Could short stories help interest children in reading?

This is an interesting question worth looking into.  Adults are forever lamenting the shortening attention spans of each generation.  With angle changes in movies every three seconds and video games that are motion extravaganzas, it is hardly surprising that children are bored with the shockingly inactive letters on a page.

I've always felt that reading is a learned skill.  Interest has to be nurtured in a child.  Parents have to not only introduce reading but also show their children that they enjoy reading themselves.  Bedtime stories can have a powerful impact on how the future adult views the solitary pastime of reading a book.

But what about slightly older children that already have formed views on reading?  Short stories may be a gentle way to introduce them into the literary world.  A short story is manageable.  It's not a threatening 400 page novel with twists and turns everywhere.  Due to the length of the short story, the language is usually concise and clear.  It's also no difficult to keep track of all of the characters.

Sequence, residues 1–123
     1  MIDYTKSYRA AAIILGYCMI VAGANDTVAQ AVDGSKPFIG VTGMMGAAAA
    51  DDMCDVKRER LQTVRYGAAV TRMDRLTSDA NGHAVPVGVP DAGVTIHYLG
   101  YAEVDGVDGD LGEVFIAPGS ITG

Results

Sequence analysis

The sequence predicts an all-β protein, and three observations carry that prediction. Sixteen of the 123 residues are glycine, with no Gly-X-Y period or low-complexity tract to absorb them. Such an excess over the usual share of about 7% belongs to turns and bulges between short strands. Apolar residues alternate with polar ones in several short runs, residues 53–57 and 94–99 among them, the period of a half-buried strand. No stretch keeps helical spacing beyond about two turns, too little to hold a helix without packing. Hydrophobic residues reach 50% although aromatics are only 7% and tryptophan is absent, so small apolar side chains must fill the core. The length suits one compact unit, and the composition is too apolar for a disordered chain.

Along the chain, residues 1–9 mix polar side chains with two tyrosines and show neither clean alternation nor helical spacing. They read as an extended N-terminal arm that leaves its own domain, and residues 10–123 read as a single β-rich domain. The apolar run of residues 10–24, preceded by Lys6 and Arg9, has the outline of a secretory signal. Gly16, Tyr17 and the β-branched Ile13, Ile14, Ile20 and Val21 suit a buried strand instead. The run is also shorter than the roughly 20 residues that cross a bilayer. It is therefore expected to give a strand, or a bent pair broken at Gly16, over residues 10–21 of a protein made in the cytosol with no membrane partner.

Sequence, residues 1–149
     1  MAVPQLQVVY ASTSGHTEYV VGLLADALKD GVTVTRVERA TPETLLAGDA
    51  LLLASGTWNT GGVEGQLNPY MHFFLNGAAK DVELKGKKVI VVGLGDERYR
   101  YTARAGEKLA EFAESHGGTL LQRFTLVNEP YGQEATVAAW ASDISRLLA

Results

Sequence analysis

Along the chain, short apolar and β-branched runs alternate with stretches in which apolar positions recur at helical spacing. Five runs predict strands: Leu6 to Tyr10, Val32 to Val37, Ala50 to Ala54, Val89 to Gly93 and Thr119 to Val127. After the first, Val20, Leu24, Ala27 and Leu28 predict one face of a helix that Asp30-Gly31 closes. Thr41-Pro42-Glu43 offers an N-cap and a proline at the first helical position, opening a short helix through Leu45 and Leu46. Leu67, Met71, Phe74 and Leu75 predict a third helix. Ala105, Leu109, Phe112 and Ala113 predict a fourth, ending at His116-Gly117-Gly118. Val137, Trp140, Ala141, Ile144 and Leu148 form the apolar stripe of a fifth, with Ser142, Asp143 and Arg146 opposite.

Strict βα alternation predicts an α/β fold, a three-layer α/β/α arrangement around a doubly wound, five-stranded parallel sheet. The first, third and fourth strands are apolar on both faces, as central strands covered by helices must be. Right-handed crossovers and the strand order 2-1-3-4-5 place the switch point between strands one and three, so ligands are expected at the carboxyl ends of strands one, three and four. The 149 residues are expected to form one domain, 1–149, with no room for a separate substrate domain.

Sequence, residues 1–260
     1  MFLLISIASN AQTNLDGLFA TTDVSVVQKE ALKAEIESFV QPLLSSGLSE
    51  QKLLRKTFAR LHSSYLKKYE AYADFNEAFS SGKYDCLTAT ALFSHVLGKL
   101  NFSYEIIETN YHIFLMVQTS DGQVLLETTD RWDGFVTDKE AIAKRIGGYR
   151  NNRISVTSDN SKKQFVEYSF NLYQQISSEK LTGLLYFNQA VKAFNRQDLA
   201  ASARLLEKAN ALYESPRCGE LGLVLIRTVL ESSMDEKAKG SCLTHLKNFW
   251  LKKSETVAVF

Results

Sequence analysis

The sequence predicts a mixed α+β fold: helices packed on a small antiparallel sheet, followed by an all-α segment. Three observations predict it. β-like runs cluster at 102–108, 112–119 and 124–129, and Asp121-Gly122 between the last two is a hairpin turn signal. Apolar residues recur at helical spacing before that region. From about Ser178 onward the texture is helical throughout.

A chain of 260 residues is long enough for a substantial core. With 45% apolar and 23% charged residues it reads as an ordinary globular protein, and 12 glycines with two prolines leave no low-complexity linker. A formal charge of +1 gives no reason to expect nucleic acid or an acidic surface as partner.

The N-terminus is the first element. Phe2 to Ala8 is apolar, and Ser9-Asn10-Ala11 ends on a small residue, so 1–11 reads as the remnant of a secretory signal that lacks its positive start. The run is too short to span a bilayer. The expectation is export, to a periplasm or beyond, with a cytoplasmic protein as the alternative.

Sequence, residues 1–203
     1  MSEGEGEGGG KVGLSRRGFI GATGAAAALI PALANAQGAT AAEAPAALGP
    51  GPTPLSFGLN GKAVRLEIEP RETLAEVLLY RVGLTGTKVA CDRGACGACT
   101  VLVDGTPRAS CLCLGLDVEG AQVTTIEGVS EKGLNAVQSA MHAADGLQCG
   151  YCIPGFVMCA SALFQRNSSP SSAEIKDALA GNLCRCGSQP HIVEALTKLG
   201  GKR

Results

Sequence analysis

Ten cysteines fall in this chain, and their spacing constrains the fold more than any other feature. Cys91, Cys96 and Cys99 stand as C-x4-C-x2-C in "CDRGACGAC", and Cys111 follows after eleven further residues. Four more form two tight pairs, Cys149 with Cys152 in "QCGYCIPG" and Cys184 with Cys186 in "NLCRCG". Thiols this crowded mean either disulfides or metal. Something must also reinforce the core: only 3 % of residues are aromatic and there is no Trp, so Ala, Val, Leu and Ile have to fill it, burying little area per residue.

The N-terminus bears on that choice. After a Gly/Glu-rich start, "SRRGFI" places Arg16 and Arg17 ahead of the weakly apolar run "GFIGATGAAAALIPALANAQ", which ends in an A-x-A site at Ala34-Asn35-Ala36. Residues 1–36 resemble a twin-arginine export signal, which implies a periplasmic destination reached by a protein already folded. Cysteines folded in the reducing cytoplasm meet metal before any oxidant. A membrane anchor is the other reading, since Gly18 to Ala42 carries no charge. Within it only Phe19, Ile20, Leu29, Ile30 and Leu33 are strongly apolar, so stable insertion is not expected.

For me, my passion for reading did not really spark until I found a series of Star Wars books that peaked my interest back in the day.  After that, I would read anything I could get my hands on.  But it's important to have that first "spark."  A short story could be something that provides that opportunity.

Comments

  1. Short stories are great. I totally agree, but so are shorter action-oriented chapter books. What made the difference for my daughter way back when (she's 14 now) were the books in the Magic Tree House series. One read and she was hooked! And from there it was just a short step to Harry Potter! Lol.
    But yeah, I get your point. Short stories are a ton less threatening for reluctant readers.
    But then, sometimes when I talk about my shorts to some of my grown colleagues who are pretty much non-readers, they ask how long they are and I say "Oh not long at all. Less than 40 printed pages."
    I usually get this kind of response: "What? That's so long! That's as long as the Bible!"

    Sheesh!

    Shana Hammaker
    Twelve Terrifying Tales for 2011

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  2. I remember that series! Indian in the Cupboard was a great one too.

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